Swimming world in disbelief over 'insane' moment: 'That was wild'

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Thomas Ceccon, pictured here breaking the world record in the 100m backstroke at the swimming world championships.
Thomas Ceccon smashed the world record in the 100m backstroke at the swimming world championships. Image: Getty/NBC

Italy's Thomas Ceccon has left the swimming world in disbelief after smashing the 100m backstroke world record on Monday night.

Ceccon shaved a quarter of a second off the previous record as he won in 51.60 seconds at the world championships in Budapest.

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In a lighting fast final, Ceccon edged American star Ryan Murphy for gold, while fellow American Hunter Armstrong was third.

"I didn't expect this time," the 21-year-old Ceccon said after the race.

"I didn't expect to go so fast. Today nobody could beat me. What a sensational time 51.6. It still has to sink in.

"It's fantastic when you can break a world record in any sport, for me it is unbelievable.

"Maybe four athletes have done it in Italy, it's an achievement that means a lot.

"Today the Americans went very fast.

"Today I'm not saying that I knew I was going to win but in my opinion I had no rivals. The two Russians were missing, it would have been an even greater challenge.

“I am feeling good in the water and just doing my race, staying calm and focusing on my race. And that’s it.”

Ryan Murphy, Thomas Ceccon and Hunter Armstrong, pictured here after the men's 100m backstroke final.
Ryan Murphy, Thomas Ceccon and Hunter Armstrong pose with their medals after the men's 100m backstroke final. (Photo by ATTILA KISBENEDEK/AFP via Getty Images)

A four-time Olympic gold medallist, Murphy set the previous record at the 2016 Games in Rio.

“Hats off to Thomas. That’s a really, really fast time and it’s going to be an exciting couple of years," he said.

Swimming fans and commentators were left in awe.

Italy's golden run at swimming world championships

Ceccon won Italy's second gold medal of the championships after Nicolo Martinenghi took the 100m breaststroke title the night before.

And there was more success for Italy on Monday when 17-year-old Benedetta Pilato won the women's 100m breaststroke in a race in which the three medallists were separated by less than a tenth of a second.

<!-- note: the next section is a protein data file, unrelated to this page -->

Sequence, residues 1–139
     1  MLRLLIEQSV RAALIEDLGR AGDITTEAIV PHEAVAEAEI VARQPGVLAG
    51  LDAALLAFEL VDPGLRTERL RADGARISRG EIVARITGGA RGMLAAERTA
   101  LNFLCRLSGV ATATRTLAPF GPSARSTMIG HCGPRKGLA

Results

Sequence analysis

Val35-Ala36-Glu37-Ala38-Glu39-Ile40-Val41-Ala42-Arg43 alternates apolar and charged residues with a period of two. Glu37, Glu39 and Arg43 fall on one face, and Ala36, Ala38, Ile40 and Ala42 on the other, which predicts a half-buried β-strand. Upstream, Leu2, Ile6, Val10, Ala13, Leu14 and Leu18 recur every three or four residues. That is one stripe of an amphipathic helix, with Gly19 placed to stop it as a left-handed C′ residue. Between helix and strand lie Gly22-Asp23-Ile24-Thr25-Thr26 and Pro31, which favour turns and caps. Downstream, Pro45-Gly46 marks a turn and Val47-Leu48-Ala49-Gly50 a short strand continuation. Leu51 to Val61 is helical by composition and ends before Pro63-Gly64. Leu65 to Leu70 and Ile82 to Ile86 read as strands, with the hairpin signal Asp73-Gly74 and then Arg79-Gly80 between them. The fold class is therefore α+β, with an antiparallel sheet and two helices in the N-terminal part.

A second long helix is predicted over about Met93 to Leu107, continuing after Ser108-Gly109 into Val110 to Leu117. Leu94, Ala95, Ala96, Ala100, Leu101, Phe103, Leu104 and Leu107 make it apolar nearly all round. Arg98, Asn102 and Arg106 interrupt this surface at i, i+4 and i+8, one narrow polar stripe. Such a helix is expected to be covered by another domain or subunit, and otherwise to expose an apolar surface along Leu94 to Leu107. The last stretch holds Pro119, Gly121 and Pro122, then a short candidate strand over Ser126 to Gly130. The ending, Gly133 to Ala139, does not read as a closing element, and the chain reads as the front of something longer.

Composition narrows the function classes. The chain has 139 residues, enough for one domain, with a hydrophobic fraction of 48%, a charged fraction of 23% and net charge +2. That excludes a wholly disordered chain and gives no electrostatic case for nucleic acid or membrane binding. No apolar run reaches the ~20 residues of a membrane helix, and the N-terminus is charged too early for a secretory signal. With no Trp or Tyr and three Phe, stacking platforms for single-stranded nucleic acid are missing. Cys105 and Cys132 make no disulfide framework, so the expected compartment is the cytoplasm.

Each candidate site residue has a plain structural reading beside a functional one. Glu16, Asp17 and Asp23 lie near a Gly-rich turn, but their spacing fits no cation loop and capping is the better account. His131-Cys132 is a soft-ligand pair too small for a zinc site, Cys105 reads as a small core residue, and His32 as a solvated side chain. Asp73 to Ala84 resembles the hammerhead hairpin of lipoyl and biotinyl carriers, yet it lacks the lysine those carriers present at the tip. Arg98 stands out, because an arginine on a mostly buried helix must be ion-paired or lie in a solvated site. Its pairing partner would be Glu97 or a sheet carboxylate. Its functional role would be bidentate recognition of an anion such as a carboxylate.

Pilato edged German Anna Elendt by 0.05 seconds and Lithuanian Ruta Meilutyte by 0.09 seconds.

Pilato was delighted after she won the last final of the evening by a fingernail.

"I am super-happy and proud," she said. "It was a dream which came true."

Pilato broke the 50m breaststroke world record in the same Budapest pool a year ago.

Benedetta Pilato, pictured here with her gold medal at the swimming world championships.
Benedetta Pilato poses with her gold medal at the swimming world championships. (Photo by Dean Mouhtaropoulos/Getty Images)

"Before the race I was crying with joy for Thomas who made me relive the sensations I felt when I set the world record and now here I am with gold around my neck. I am overjoyed and satisfied," she said.

Pilato won a silver medal at the world championships in Gwangju three years ago, but missed the podium at the Tokyo Olympics last year.

"I have also overcome the anxiety, and learned to take things calmly," she said.

Also on Monday night, Lani Pallister became the first Australian woman to win a medal in the 1500m freestyle at the world championships.

Going into the meet, the 1500m was the only women's event in which an Australian swimmer had not reached the podium at a world championships.

But Pallister made history on Monday after finishing third behind record-breaking American champion Katie Ledecky, whose gold medal was her record-extending 17th world title and second of this championships.

Pallister pipped compatriot Moesha Johnson to win bronze, while 16-year-old American Katie Grimes was second.

with agencies

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